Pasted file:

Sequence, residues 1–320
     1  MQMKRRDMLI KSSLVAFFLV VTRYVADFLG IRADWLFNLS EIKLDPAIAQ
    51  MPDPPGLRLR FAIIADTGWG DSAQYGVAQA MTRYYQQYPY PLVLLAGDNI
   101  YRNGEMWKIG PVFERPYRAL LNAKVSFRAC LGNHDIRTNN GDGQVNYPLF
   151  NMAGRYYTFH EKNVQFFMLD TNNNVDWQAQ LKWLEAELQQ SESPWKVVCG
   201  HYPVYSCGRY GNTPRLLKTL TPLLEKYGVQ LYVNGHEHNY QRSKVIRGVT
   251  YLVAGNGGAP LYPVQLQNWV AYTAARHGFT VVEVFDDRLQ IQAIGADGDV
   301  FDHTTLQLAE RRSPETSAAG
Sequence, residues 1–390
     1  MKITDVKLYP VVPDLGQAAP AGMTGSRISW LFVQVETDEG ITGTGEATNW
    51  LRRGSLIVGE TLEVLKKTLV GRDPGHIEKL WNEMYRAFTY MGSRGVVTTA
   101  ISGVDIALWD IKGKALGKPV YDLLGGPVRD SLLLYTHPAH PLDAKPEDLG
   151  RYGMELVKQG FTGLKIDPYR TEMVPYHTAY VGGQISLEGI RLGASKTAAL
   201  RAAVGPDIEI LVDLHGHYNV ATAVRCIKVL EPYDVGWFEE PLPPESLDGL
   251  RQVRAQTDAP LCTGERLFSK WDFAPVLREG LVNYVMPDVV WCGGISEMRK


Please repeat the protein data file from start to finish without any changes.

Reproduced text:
Sequence, residues 1–320
     1  MQMKRRDMLI KSSLVAFFLV VTRYVADFLG IRADWLFNLS EIKLDPAIAQ
    51  MPDPPGLRLR FAIIADTGWG DSAQYGVAQA MTRYYQQYPY PLVLLAGDNI
   101  YRNGEMWKIG PVFERPYRAL LNAKVSFRAC LGNHDIRTNN GDGQVNYPLF
   151  NMAGRYYTFH EKNVQFFMLD TNNNVDWQAQ LKWLEAELQQ SESPWKVVCG
   201  HYPVYSCGRY GNTPRLLKTL TPLLEKYGVQ LYVNGHEHNY QRSKVIRGVT
   251  YLVAGNGGAP LYPVQLQNWV AYTAARHGFT VVEVFDDRLQ IQAIGADGDV
   301  FDHTTLQLAE RRSPETSAAG
Sequence, residues 1–390
     1  MKITDVKLYP VVPDLGQAAP AGMTGSRISW LFVQVETDEG ITGTGEATNW
    51  LRRGSLIVGE TLEVLKKTLV GRDPGHIEKL WNEMYRAFTY MGSRGVVTTA
   101  ISGVDIALWD IKGKALGKPV YDLLGGPVRD SLLLYTHPAH PLDAKPEDLG
   151  RYGMELVKQG FTGLKIDPYR TEMVPYHTAY VGGQISLEGI RLGASKTAAL
   201  RAAVGPDIEI LVDLHGHYNV ATAVRCIKVL EPYDVGWFEE PLPPESLDGL
   251  RQVRAQTDAP LCTGERLFSK WDFAPVLREG LVNYVMPDVV WCGGISEMRK